It goes without saying that this winter had major impacts, none of which were really good, in terms of supply chain efficiency for the most part. But with the calendar indicating spring has sprung, it seems like a good time to look back at what everyone dealt with and how, hopefully, things get better from a volume and timing perspective for all supply chain stakeholders.
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Maybe just maybe, Old Man Winter has made his grand exit. OK-that might be slightly premature, but having dodged a forecasted snowfall here in southern Maine yesterday, I feel the need to feel to good about something, when it comes to the winter we have had here and you, too, if you have ploughed (er, plowed) your way through this interminable cold season.
It goes without saying that this winter had major impacts, none of which were really good, in terms of supply chain efficiency for the most part. That is, unless, missed shipments, delays, and backlogs, are suddenly key objectives among shippers (they are not…). But with Opening Day in less than one week and forecasted snow not falling–at least not yesterday- it seems like a good time to look back at what everyone dealt with and how, hopefully, things get better from a volume and timing perspective for all supply chain stakeholders.
Looking at the motor carrier market, one thing stands out above basically everything else on the truckload side: capacity was, is, and will likely remain tight, with some shippers and carriers saying it is as tight as they have seen it in years.
As you have read in the print edition of LM and on this site, that thesis could hold firm, aside from the weather, due to things like the ongoing driver shortage, the regulatory drag from CSA and now HOS that continues to crimp capacity, and a relatively slow economic recovery, although things are certainly moving in the right direction, with key metrics like ISM’s manufacturing and non-manufacturing data, retail sales, truck tonnage and rail and intermodal volumes showing some promise.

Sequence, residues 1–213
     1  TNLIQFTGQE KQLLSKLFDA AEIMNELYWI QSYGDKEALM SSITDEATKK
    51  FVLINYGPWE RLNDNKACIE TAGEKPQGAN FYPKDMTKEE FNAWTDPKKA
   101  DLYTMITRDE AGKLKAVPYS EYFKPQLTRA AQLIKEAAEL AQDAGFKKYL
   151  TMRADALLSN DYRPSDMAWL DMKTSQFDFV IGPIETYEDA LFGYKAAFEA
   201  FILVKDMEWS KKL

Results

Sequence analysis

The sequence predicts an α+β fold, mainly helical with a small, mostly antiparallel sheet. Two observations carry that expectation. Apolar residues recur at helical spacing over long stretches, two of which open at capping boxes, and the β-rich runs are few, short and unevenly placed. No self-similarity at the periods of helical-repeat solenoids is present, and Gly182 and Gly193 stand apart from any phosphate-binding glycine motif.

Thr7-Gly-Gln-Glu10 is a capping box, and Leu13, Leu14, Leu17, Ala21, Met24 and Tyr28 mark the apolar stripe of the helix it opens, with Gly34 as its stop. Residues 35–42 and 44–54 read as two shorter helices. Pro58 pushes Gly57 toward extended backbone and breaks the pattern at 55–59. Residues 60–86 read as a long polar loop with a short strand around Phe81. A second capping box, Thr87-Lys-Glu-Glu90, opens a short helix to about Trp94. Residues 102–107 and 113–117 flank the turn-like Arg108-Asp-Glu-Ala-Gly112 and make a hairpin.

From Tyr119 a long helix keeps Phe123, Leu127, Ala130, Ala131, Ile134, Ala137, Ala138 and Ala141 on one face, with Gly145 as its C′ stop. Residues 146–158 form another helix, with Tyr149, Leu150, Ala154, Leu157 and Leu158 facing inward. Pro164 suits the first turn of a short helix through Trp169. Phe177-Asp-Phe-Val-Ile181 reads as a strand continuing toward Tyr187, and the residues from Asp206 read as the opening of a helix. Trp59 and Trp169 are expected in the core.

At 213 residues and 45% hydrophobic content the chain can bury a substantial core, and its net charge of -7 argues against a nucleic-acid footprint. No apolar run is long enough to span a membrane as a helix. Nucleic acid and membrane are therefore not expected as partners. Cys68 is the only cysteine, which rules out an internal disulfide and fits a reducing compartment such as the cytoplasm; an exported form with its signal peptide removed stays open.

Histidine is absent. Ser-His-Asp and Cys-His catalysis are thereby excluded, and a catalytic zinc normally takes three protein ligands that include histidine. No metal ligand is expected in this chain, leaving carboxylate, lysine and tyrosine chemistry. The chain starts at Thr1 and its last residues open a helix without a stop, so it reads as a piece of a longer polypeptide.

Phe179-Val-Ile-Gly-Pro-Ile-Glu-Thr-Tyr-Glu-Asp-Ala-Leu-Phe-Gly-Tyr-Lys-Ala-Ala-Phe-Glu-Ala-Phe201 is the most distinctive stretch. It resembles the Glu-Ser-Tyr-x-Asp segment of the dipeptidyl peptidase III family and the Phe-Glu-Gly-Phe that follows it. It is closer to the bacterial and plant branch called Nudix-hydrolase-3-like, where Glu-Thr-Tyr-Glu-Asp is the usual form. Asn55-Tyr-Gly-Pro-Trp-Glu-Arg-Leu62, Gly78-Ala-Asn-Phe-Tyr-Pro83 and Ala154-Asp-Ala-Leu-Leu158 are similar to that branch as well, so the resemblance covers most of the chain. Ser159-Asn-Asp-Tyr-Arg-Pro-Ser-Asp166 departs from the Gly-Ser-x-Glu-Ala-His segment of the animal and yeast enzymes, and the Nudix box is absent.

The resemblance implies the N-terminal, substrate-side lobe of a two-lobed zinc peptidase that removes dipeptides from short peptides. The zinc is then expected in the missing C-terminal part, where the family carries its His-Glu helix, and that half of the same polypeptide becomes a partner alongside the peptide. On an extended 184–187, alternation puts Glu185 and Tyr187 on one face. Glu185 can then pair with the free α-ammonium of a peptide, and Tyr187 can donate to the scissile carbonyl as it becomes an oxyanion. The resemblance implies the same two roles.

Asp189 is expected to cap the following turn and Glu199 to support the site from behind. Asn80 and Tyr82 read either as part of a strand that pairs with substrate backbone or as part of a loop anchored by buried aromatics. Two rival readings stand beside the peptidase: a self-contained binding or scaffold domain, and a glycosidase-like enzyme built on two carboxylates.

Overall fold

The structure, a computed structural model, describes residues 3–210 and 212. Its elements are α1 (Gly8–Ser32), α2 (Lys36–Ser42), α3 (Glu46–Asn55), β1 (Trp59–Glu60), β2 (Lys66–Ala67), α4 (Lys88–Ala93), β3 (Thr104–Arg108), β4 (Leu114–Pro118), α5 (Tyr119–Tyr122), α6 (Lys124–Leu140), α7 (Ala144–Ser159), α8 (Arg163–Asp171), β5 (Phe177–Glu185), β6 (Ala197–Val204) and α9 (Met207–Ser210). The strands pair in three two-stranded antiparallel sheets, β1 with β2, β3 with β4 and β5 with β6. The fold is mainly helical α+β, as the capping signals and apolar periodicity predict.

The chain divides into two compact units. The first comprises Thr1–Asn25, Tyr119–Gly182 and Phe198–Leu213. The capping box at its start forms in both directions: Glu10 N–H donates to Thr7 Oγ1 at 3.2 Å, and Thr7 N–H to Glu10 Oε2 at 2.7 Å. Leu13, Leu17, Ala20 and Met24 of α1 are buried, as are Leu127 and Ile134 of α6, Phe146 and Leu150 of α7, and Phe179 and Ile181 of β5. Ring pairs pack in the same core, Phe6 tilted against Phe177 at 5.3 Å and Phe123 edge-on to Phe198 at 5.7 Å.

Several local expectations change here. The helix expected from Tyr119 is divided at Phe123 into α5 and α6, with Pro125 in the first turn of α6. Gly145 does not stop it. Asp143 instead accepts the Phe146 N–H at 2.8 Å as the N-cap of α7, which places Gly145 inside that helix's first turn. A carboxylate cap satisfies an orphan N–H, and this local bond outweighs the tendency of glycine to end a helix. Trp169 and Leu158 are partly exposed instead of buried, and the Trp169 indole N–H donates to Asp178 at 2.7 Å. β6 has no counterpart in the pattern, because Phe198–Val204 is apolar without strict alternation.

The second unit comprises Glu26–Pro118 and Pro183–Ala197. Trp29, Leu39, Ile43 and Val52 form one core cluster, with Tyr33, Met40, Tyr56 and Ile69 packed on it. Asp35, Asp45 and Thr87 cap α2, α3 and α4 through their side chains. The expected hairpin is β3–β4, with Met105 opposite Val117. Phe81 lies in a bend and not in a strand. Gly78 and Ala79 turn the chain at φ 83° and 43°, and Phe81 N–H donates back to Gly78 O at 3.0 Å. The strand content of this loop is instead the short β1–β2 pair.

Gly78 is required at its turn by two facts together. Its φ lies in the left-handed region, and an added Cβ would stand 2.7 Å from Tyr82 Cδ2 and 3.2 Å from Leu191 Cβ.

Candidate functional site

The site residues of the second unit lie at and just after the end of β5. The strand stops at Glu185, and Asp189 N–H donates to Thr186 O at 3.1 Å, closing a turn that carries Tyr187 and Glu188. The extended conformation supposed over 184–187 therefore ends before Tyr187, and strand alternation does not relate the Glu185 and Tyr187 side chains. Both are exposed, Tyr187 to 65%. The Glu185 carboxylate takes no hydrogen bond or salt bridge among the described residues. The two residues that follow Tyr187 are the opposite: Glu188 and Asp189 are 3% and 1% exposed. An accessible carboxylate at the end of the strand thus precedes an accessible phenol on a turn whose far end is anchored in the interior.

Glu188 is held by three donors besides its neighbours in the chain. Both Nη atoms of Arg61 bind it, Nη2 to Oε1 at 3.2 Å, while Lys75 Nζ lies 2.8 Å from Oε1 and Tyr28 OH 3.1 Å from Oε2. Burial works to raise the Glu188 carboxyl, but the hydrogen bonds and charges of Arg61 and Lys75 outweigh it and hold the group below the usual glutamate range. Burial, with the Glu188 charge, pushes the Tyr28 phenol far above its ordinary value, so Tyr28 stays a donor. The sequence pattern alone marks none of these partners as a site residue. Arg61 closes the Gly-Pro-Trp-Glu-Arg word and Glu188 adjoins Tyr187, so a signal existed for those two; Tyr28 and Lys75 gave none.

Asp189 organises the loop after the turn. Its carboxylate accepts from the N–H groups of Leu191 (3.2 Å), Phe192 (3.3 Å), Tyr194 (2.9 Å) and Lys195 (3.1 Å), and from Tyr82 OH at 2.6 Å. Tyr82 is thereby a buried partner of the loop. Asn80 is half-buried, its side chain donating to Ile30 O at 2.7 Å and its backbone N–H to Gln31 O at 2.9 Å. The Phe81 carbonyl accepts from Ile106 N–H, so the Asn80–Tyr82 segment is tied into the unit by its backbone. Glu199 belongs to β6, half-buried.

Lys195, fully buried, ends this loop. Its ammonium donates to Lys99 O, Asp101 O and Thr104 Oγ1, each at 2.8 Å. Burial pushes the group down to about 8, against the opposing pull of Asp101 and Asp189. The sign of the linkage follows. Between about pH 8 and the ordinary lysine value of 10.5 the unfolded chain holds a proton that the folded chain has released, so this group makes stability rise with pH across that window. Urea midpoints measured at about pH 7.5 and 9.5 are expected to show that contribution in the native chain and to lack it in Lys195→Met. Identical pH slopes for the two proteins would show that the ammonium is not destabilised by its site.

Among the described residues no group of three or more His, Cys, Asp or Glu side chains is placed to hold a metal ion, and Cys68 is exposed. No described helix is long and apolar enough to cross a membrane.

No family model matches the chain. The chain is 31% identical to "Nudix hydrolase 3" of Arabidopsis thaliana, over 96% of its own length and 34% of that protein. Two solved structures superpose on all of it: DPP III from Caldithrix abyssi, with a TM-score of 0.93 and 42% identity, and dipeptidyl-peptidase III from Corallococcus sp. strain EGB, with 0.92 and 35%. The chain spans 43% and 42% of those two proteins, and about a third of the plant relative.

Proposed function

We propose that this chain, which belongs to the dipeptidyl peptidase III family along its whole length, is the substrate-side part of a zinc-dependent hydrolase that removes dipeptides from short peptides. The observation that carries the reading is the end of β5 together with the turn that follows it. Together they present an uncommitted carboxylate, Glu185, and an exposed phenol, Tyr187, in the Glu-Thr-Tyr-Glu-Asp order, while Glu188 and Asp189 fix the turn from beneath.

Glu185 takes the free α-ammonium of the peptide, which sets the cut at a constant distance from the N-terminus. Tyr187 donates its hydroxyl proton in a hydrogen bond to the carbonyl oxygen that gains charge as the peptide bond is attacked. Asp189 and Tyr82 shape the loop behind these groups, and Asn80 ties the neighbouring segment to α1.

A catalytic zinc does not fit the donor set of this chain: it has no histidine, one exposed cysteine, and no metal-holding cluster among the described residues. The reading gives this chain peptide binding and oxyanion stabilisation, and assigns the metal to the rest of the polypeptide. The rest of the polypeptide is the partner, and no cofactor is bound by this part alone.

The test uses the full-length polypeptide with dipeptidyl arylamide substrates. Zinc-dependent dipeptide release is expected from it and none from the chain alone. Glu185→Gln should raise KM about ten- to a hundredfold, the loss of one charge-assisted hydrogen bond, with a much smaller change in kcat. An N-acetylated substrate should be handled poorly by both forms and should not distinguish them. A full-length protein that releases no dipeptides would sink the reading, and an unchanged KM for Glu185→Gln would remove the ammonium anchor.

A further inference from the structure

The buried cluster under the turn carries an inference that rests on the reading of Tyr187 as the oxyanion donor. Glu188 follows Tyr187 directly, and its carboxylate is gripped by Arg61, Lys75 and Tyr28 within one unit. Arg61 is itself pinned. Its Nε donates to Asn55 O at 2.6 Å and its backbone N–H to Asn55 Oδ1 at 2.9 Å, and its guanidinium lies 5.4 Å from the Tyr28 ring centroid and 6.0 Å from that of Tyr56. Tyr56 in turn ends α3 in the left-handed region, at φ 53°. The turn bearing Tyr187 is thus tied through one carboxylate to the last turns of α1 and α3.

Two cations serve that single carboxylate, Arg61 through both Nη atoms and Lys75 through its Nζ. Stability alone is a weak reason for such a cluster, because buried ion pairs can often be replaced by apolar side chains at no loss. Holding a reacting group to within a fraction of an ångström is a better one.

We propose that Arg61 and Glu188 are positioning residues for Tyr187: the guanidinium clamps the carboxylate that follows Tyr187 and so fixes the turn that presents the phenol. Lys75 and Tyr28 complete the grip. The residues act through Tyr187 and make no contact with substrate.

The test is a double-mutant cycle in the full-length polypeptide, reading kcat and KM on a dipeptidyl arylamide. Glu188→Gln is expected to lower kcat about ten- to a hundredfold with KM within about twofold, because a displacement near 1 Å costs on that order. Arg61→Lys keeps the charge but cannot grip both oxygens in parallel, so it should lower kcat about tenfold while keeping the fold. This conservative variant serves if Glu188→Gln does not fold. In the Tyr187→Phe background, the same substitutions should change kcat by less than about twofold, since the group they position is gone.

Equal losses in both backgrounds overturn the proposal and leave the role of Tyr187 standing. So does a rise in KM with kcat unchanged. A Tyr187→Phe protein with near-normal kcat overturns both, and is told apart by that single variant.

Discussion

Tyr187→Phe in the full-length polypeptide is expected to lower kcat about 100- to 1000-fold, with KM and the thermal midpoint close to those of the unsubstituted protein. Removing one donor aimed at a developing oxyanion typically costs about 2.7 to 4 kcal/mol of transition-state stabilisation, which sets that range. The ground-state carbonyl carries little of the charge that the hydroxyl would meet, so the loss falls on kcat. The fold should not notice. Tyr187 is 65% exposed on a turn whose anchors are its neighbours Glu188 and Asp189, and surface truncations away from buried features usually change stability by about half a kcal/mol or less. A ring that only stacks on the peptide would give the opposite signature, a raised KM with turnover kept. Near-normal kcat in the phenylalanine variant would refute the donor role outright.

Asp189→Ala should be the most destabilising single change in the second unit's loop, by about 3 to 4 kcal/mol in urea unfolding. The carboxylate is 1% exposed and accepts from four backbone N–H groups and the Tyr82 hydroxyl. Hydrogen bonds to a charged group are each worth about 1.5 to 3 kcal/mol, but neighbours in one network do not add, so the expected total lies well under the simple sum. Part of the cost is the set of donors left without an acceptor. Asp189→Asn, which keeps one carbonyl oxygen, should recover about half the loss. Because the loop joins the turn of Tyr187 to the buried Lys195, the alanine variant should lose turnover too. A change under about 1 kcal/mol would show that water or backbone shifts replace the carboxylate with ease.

On the other side, housing data in recent months has slowed down, which could potentially hinder freight growth in the coming months at a time when all supply chain and logistics sectors could certainly benefit from an uptick. With “spring selling” season coming up, coupled with (hopefully) a return to better weather, perhaps housing will regain the momentum we saw not all that long ago.
And the upstart commitment on behalf of consumers to all things e-commerce obviously needs a watchful eye. We have all seen how more and more e-commerce activity has a direct effect on supply chain operations, whether it be for order fulfillment, inventory optimization, and reverse logistics, among other things.
These are just a few examples of things we are seeing, hearing, and writing about in print and online. There are a whole host of others to keep an eye out for sure. But as the seasons change, market conditions can, too, not that they necessarily will. That is still to be determined. While what happens in the coming months remains an unknown for now, at least we will hopefully get a little warmer as things unfold.
About the AuthorJeff Berman, Group News Editor Jeff Berman is Group News Editor for Logistics Management, Modern Materials Handling, and Supply Chain Management Review. Jeff works and lives in Cape Elizabeth, Maine, where he covers all aspects of the supply chain, logistics, freight transportation, and materials handling sectors on a daily basis. Contact Jeff Berman
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